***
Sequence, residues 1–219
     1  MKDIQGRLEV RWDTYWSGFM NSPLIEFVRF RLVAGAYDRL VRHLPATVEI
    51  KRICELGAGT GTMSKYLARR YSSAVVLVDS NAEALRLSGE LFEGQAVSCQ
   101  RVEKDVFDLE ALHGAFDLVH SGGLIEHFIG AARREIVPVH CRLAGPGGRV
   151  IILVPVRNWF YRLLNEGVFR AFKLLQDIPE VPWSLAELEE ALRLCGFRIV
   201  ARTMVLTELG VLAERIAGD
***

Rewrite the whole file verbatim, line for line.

Sequence, residues 1–219
     1  MKDIQGRLEV RWDTYWSGFM NSPLIEFVRF RLVAGAYDRL VRHLPATVEI
    51  KRICELGAGT GTMSKYLARR YSSAVVLVDS NAEALRLSGE LFEGQAVSCQ
   101  RVEKDVFDLE ALHGAFDLVH SGGLIEHFIG AARREIVPVH CRLAGPGGRV
   151  IILVPVRNWF YRLLNEGVFR AFKLLQDIPE VPWSLAELEE ALRLCGFRIV
   201  ARTMVLTELG VLAERIAGD